Later, I became close friends with a professor of English Literature. I am a fairly confident kid right from the beginning. But his confidence in me was surprisingly high, and when someone with so much knowledge in Literature digs your writing, you simply know what kind of material you are.
Dr. Varghese C. Abraham has been a mentor and editor since 2016, initially for my poetry and then for my fiction as well. If it wasn’t for his passionate and brutal editing of Sandcastles, apart from his great confidence in that book, it might still remain in my Writing Folder. He provides me with honest feedback, constructive criticism and where necessary and sometimes more, he never forgets to appreciate and admire my work.
7.What resources helped you the most during the querying process for publishing or editing?
Ever since the publication of my first poetry book, I have been researching widely about the publishing industry, educating myself about everything involved in the publishing process. The querying process was also researched.
My only resource was the Internet and it was enough with information from all over the world. But however, that is not what got me my book deal. I was almost accepted by an agent at one of the most renowned literary agencies in India but a twist of fate and I was unpublished for another two years.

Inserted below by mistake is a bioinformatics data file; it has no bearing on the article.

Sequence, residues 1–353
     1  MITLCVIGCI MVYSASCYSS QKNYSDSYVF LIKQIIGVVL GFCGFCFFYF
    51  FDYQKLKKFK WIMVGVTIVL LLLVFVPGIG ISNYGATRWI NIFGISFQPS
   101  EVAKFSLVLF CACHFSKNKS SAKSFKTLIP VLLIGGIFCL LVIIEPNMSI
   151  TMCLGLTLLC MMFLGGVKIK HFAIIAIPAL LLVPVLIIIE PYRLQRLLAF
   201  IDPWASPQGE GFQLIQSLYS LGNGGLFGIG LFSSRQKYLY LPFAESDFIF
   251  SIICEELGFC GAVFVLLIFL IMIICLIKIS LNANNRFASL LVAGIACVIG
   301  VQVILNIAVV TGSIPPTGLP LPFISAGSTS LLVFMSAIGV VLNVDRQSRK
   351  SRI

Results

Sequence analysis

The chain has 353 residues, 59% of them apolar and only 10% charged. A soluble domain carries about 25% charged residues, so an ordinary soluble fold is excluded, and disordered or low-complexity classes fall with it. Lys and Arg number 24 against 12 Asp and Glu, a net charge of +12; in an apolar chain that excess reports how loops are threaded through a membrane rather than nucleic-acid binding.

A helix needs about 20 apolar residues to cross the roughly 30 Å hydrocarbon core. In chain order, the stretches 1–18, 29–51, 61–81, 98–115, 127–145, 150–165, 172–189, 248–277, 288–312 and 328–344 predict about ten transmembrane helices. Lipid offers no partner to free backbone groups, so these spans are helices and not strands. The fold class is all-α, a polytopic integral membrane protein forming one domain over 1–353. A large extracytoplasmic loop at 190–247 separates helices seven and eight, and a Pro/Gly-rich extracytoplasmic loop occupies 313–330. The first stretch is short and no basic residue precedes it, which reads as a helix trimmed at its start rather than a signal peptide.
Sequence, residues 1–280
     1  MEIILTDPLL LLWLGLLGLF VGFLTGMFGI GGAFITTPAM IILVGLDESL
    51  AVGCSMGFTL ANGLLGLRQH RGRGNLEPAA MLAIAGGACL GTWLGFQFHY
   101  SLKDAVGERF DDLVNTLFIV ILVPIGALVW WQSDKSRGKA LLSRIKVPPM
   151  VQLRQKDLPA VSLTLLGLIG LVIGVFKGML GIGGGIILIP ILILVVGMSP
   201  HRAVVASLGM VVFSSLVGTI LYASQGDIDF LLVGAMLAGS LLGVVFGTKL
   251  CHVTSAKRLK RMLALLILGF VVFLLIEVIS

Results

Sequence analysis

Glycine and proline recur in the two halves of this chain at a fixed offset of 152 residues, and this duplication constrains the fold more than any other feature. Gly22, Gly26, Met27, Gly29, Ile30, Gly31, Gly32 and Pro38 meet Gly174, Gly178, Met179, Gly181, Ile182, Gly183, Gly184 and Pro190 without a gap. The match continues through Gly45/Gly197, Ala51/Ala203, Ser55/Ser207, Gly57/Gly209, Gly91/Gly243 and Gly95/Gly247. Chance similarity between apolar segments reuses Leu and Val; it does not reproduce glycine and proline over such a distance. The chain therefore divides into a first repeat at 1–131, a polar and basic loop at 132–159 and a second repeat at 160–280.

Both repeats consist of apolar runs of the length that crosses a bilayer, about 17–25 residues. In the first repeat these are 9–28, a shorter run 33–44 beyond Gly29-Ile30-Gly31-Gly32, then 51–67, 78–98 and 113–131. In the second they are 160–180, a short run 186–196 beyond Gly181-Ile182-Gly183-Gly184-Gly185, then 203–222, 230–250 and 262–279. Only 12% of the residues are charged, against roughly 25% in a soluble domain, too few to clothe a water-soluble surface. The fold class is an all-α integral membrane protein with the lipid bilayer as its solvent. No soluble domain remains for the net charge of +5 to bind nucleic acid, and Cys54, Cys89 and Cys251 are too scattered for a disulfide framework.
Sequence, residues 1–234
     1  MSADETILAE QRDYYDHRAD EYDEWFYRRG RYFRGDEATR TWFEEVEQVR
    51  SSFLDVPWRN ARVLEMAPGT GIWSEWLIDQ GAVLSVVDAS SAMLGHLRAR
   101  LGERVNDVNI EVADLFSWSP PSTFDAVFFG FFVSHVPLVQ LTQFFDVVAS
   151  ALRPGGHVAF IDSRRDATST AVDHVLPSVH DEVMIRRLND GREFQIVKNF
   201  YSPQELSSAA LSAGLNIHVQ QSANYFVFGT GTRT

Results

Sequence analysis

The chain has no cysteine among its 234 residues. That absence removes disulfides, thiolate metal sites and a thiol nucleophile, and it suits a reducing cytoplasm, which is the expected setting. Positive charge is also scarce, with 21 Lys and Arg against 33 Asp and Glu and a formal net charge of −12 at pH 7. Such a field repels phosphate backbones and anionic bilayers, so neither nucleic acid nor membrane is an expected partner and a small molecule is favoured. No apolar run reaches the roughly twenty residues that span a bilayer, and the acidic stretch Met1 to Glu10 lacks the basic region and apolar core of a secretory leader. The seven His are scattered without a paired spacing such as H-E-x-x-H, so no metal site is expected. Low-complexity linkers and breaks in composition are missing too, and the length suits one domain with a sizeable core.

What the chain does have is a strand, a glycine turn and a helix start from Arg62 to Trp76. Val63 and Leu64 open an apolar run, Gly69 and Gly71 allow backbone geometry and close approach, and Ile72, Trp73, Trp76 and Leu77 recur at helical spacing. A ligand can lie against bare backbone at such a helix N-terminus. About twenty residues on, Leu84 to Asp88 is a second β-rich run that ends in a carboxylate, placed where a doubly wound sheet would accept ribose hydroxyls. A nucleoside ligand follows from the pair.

Querying process is essential in the traditional publishing journey; however, after years of efforts and waiting, it was time for me to halt and get on with my second book. That is when it happened. My publisher queried me over Facebook, seeing my frequent posts about the editing process of my book. They liked my work and proceeded further.
8.How did you cope with rejection during the query process?
I had read enough to know that rejection is an inevitable part of being an author. Every author has faced it, for one reason or another. As for the rejections I got, I knew the reason most of the time. And it definitely wasn’t about writing quality, given the kind of upmarket books that flooded the marketplace. I believed in myself enough to cope with rejection and keep trying. Giving up was a more difficult prospect for me.
9.People constantly say that publishing lacks diversity and that we need more diverse books. What are your feelings on that?
There are new voices in the literary world and recently I find diversity is dawning. But, the publishers do look for what sells. If they kept looking for what sells instead of trying to sell something fresh, they would not move on from last year’s trends, which was the previous year’s as well.
I do see some diversity in books now, but most are self-published books except for some prolific authors. I hope traditional publishers do give a chance to new voices with something different rather than the same story in different covers.